Robben Island – A History not to be Forgotten


South Africa teems with racial tensions that are the results of decades of apartheid control. Apartheid was the political and social system used by a white minority to control a black majority from 1948 to 1991.

The final and most visual portrayal of this racial segregation and racism is Robben Island.

Robben Island is where political prisoners were kept in maximum security often in isolated prison cells. Prisoners were locked up for decades at a time and often allowed only one visitor per year.

Robben Island is also famously surrounded by shark infested waters which made escape impossible.

It’s why I decided to visit Robben Island. The island is part of the collective history of humanity that should not be forgotten. It’s also easily accessible being a short ferry ride away from Cape Town.

As I stepped off the ferry there was a sense of loss. A loss of humanity, of unneeded persecution, and a loss of innocence.

This was compounded as soon as I spotted “The Leper Graveyard”. A leper is a term for someone who suffers from leprosy. Leprosy is a chronic disease caused by a slow acting bacterium which causes disfiguring skin sores, and painful lumps. Much worse for sufferers is society rejects them and often exiles them. In South Africa’s case Robben Island served to house the unwanted lepers.

This leper colony was a part of history that I was unfamiliar with and in my mind only compounded the horrors that occurred on this island.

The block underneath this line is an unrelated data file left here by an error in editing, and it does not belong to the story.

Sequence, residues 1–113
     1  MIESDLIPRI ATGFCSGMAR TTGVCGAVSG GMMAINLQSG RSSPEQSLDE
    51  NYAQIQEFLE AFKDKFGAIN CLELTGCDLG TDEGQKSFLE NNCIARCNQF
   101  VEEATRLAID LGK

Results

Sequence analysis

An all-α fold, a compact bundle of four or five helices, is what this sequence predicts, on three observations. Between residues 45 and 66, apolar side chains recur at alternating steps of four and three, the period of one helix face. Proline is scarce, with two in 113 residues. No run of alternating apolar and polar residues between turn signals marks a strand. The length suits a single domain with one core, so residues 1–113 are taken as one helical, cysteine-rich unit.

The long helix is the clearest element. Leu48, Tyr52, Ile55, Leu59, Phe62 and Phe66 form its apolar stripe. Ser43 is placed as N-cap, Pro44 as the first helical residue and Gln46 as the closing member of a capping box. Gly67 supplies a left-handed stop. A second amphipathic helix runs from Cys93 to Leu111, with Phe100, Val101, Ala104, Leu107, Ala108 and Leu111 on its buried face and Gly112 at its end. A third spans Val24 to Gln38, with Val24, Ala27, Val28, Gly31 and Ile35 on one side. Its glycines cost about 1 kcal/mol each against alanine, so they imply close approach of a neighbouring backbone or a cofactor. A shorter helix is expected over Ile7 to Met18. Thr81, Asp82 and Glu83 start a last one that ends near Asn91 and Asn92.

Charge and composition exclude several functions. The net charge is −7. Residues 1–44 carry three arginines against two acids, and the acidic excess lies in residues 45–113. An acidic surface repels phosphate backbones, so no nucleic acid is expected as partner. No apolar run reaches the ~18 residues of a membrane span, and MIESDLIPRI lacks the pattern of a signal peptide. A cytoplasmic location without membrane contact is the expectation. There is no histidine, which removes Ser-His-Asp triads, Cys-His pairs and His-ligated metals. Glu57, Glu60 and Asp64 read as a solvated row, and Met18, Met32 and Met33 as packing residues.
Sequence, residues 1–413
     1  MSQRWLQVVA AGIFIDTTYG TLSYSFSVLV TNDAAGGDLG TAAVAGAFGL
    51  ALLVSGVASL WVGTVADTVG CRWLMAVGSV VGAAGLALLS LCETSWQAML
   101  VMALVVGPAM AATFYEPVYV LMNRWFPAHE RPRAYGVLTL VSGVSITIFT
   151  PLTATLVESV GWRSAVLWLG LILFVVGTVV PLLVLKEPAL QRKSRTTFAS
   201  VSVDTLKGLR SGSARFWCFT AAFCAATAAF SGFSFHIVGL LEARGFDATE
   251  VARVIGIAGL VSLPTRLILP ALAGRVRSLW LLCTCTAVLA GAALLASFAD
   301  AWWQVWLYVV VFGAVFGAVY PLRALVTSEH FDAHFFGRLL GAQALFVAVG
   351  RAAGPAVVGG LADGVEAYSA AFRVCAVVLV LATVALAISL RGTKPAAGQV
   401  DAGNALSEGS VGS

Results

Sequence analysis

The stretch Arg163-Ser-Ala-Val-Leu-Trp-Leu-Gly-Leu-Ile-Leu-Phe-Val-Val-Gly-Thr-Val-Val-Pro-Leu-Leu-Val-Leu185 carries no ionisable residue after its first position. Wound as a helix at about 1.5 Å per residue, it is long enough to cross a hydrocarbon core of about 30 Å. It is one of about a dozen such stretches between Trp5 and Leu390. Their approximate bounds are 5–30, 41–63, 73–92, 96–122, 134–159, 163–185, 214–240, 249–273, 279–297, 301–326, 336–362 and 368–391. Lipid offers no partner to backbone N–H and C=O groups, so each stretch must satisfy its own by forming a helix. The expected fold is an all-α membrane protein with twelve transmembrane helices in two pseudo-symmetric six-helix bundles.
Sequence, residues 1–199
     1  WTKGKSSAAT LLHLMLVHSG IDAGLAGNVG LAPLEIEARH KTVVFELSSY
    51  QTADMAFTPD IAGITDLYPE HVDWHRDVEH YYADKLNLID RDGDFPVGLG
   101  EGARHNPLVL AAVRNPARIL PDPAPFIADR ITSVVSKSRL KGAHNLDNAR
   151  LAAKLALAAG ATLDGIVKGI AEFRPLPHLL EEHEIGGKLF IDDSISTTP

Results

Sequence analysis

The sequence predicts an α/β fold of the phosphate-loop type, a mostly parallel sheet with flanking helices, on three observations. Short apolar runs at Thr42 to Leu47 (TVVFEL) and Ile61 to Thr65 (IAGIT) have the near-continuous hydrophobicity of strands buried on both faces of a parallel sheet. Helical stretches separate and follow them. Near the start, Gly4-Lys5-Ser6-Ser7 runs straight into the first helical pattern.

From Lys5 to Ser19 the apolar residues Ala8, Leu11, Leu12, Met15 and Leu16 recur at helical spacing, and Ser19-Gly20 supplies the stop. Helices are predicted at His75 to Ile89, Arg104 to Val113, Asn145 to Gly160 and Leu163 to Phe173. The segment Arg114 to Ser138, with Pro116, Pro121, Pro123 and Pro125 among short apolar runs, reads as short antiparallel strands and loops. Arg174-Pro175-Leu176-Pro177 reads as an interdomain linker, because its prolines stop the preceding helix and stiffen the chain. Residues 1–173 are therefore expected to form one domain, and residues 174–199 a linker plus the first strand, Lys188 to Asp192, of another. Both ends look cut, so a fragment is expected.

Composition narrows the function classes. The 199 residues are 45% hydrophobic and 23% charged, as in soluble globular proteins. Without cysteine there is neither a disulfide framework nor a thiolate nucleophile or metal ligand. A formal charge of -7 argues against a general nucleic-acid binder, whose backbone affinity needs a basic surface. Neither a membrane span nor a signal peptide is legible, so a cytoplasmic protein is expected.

Another kick in the stomach is the innocence that was also found on this island. For many families, this was home. Prison guards had wives who needed to shop, and they had children who went to school. This school looked like it could have been plopped out of anywhere. It had the aura of an innocent era.

Once I moved pass the graveyard, and the small village is when the horror of this place hit home.

The prison is separated in two sections. The communal section where sleeping areas are shared and the isolated cells. Both looked shockingly uncomfortable and depressing.

How Nelson Mandela managed to retain his sanity here for 18 years is bewildering. How anyone else could cope for a tenth of that long is a testimonial to the human spirit.

It’s one thing to think dangerous prisoners were treated like this, but to think that common people were locked up here due to race is a bit much to accept.

I’ve always been fascinated by South African history and this place while depressing to visit I felt like it widened by understanding of the human spirit. Not only do I recommend that you visit this place but I recommend that you read “A Long Walk to Freedom” which is Nelson Mandela’s autobiography. It’s a testament to the human spirit and is quite possibly the best autobiography that I have read.

On a last note the island is now home to beautiful penguins. I hope that maybe these penguins can symbolize a greater freedom and understanding for the future of South Africans.